Gaining Visibility Into Your State Changes In Redux

Two of the most important skills to have in a programming are to be able to get quick visibility into what is actually going on in your program at a given point in time, and second, to be able to quickly isolate any problems that you run into. The former of these actually greatly facilitates the latter.

While working on a strange and infuriating issue recently with a React Native/Redux application that I was working on, I found myself in a situation where I felt blind as to what was actually going on in my application (and why it was failing).

You see, mapStateToProps was never being called, yet my reducer was definitely being called and I was definitely returning a new state object from my reducer. I had confirmed this with console.logs. Additionally, I had already confirmed that mapStateToProps was definitely not being called at all (again, using console.logs).

After quintuple checking that everything was hooked up properly, and that my reducer was indeed returning new state (and not making the mistake of altering existing state in the reducer), I decided that whatever the error was, it was happening in between the time that the reducer returned the new state and the time that mapStateToProps was being called. In other words, it seemed like it wasn’t something in my code.

Since it is a rather rare occurrence that the bug is in the framework code and not my own code, I wanted some additional visibility into what was going on. I needed to first confirm that Redux knew the state had been updated and that it should therefore be calling mapStateToProps on all of my connected components.

It turns out, Redux has a perfect little tool for this. It is called state.subscribe().

You can add a few lines that look like this:

store = createStore( ... );
store.subscribe(() => {
  console.log("Store state changed");
  console.log(store.getState());
});

wherever you have defined your store (using createStore). Using this, you get some log output any time the store’s state is changed. Additionally, you can see exactly what the new state is.

I should also note that much of this visibility can also be achieved with the Redux DevTools extension (which also comes with quite a few nice additional features), but I wanted to be able to play with these events, and in so doing I gained more of an understanding of what is really going on under the hood in Redux.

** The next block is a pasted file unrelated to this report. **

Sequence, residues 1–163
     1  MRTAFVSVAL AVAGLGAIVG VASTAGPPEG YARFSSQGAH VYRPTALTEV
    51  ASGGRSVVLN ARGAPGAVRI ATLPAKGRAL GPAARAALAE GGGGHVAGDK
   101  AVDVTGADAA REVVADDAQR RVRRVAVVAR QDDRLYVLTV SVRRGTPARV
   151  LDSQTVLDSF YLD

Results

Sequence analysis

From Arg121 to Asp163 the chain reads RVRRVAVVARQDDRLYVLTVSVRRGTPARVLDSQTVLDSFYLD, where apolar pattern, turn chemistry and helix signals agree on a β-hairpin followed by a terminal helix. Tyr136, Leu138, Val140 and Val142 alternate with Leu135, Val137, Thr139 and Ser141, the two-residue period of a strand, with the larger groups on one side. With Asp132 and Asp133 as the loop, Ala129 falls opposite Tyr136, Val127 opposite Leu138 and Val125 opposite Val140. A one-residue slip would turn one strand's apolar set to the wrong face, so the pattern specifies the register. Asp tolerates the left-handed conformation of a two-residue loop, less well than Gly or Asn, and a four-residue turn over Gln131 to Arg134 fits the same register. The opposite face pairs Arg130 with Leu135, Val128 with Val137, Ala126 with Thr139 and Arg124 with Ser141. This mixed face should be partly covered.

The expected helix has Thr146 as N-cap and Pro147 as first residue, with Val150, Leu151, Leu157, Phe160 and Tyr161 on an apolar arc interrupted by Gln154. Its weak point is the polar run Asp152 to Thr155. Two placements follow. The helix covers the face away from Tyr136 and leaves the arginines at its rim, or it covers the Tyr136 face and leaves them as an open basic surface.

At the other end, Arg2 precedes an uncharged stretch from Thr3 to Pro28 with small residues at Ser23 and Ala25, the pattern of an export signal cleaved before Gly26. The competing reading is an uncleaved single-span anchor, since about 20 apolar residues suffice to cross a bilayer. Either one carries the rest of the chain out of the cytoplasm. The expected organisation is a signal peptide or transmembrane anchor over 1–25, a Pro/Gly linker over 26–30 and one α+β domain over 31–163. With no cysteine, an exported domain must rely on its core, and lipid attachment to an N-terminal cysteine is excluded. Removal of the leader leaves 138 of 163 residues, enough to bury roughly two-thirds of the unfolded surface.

Gaining Visibility Into Your State Changes In Redux

Retrieving Files As Blob in React Native (and Expo)

tl;dr
Sometimes you may need to create a valid blob file from a remote file or a local file (for example, for uploading a screenshot to firebase storage). If the Blob object returned by the fetch API (e.g. blob = await fetch(`file://${local_uri}`).blob()) is returning an empty type and/or 0 bytes, then upgrading to React Native 0.59.x+ (expo sdk 33+) should fix the issue. If upgrading is not a possibility, there are other options such as creating a (hacky) blob utility function, or passing around base64 encoded data (see below).

I want to note that if you simply want to use an Image component to display the local file in the UI, you can specify the local location of the file as the source.

Note also that I am not referring to the situation where your file can be packaged with your app ahead of time or where it can be directly loaded into the UI from the internet. If your file is being downloaded from the internet it can usually be loaded directly via URL. If it is something that you can package with your app, the best practice is to simply use an import or require to include the file at compile time.

However, for more complicated use cases, such as uploading the file, it can get quite a bit trickier.

Uploading files that are dynamically created in-app (such as a screenshot), for example, can be tricky. Also, fetching any file prior to React Native 0.59.x with the fetch API has issues associated with it.

If you are not using Expo, it is worth looking into rn-fetch-blob. Unfortunately, since I was using Expo, I could not use rn-fetch-blob without detaching and using ExpoKit (something I would like to avoid for a task that should be relatively simple).

In my case, uploading a dynamically created tempfile to firebase took quite a bit of effort. I would like to share a couple of solutions I came up with.

The main problem for me came down to an issue with React Native’s custom whatwg-fetch polyfill in versions prior to 0.59. RN’s custom polyfill specifically does not use a ‘blob‘ response type (blob support was added to React Native and Expo in early 2018). Therefore, fetching files with it (vs, for example, fetching JSON) caused an issue where the resulting blob would have 0 bytes and an empty string as the ‘type’. Let me demonstrate with an example using a basic expo app.